It’s that time of the semester, and exams are right around the corner. Fortunately, the Tarlton Law Library has several resources to help you prepare for those exams.
1. One of our most popular resources, and one that you may find particularly helpful in these next few weeks, are our previous exams. These can be found in print in the Hyder Popular Reading Room on the second floor of the library and online. (Though there is a great deal of overlap, you may find some exams in one place and not the other.)
2. If you are nervous about taking exams or want general tips on law school exams, you may find our exam prep guides helpful. These guides can help you with exam strategy and avoiding some of the common pitfalls students make. A particularly useful title – and one that you might find helpful even at this late date because of its brevity – is Law School Exams: A Guide to Better Grades, by Alex Schimel.
3. Our law school study aids guide lists hornbooks, nutshells, and other study aids to help you better understand the material that you covered in class. You can navigate the study aids guide by choosing the course on the left side and seeing what study aids we have. You can also search for study aids by a particular series (e.g., Examples and Explanations or Nutshells). If you see a study aid you like, clicking on the link will take you to the book’s record in the catalog, which will tell you whether it is currently available for check out. Most of our study aids can be found in the Hyder Popular Reading Room on the second floor of the library.
4. Lastly, you may want to reserve a conference room for your study group as the library gets busier. Each student can reserve a conference room for two hours per week. You can do that online right here.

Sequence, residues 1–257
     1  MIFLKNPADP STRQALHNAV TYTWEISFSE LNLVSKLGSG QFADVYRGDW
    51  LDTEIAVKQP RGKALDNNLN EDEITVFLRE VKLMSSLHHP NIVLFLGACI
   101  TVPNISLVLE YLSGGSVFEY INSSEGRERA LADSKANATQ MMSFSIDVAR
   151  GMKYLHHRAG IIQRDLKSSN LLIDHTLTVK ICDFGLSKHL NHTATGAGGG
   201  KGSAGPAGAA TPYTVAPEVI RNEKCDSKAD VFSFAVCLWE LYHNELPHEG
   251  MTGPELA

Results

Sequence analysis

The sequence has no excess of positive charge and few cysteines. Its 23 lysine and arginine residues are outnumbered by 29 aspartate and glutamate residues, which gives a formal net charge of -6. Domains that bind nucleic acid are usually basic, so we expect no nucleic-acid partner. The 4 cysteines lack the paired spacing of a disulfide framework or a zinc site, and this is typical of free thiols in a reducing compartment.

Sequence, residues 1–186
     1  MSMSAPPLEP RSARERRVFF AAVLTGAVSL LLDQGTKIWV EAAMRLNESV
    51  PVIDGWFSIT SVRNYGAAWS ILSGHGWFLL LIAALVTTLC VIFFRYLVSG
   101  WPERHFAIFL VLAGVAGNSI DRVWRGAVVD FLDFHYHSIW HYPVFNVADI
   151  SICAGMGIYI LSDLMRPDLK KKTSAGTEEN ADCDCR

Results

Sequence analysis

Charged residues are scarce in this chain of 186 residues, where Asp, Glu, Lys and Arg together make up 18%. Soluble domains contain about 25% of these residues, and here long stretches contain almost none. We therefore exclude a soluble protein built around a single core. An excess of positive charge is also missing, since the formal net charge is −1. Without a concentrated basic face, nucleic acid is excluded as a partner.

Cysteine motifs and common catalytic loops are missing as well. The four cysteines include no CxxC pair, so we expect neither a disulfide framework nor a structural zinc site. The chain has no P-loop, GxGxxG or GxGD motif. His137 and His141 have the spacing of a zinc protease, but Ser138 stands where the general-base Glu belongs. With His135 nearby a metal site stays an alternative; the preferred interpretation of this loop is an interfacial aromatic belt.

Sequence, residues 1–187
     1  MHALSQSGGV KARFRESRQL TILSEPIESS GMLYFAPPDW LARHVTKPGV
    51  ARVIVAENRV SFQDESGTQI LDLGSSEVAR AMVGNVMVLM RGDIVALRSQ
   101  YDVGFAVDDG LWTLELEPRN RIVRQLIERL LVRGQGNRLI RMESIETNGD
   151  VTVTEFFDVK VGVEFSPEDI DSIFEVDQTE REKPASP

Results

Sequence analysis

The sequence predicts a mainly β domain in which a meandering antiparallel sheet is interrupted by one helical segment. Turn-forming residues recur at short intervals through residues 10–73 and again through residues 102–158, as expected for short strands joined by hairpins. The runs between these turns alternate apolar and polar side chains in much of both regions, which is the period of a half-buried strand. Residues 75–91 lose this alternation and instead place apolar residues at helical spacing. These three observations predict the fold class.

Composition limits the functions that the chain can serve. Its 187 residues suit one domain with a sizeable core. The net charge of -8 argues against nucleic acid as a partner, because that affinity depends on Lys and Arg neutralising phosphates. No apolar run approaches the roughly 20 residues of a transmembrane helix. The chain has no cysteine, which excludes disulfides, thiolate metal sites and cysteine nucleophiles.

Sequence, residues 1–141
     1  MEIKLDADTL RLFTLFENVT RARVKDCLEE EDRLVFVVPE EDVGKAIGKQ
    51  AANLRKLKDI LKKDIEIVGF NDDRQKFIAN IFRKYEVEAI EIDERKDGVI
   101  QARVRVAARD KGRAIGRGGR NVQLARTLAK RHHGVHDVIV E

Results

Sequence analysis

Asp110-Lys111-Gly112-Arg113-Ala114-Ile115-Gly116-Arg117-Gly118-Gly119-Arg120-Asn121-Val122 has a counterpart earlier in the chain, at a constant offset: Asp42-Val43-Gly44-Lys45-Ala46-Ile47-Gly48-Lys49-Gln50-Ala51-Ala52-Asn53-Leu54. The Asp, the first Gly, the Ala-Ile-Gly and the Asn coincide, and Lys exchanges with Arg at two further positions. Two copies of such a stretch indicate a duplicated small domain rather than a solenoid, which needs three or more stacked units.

As always, feel free to contact the reference librarians with any questions. Good luck on your exams!
With the end of the semester and final exams fast approaching, you may want to take advantage of CALI lessons to help you prepare for exams. CALI (Computer Assisted Legal Instruction) lessons include tutorials that are created by law school faculty for students. There are over 900 web-based lessons covering more than 35 law school subjects. The University of Texas School of Law is a member of CALI, so the lessons are available to you.
If you haven’t already done so, here’s how you can set up a CALI account:
- Get the authorization code for Texas Law.
- You can do this by stopping by Tarlton’s reference or circulation desks and asking for a CALI card.
- Or, you can also retrieve it online via Tarlton’s Databases page, alphabetically listed under CALI.
- Once you have the code, go to http://www.cali.org and, on the upper right side of the screen, click the link for “Register.”
- Complete the registration process, which will require you to create your own username and password, in addition to entering your CALI authorization code.
Once you have registered with CALI, you will have full access to all of their resources. You can search for lessons in a variety of ways, including by topic and by casebook.
Students who are returning in Fall 2016 and graduating students may potentially still have access to Bloomberg Law, Lexis Advance, or Westlaw over Summer 2016. Below are the summer access policies for these three legal databases.
- Returning students have full, unrestricted access to Bloomberg Law over the summer. Returning students who already have a Bloomberg Law account do not need to do anything for this summer access; it is automatic.
- Graduating students have full, unrestricted access to Bloomberg Law for 6 months after graduation, until November 30. Graduating students do not need to do anything for this access; it is automatic.
If you do not already have a Bloomberg Law account, instructions on how to sign up for an account can be found here. If you have specific questions about your Bloomberg Law account, you can email Tarlton’s Bloomberg Law account representative, Michael Calder, at firstname.lastname@example.org.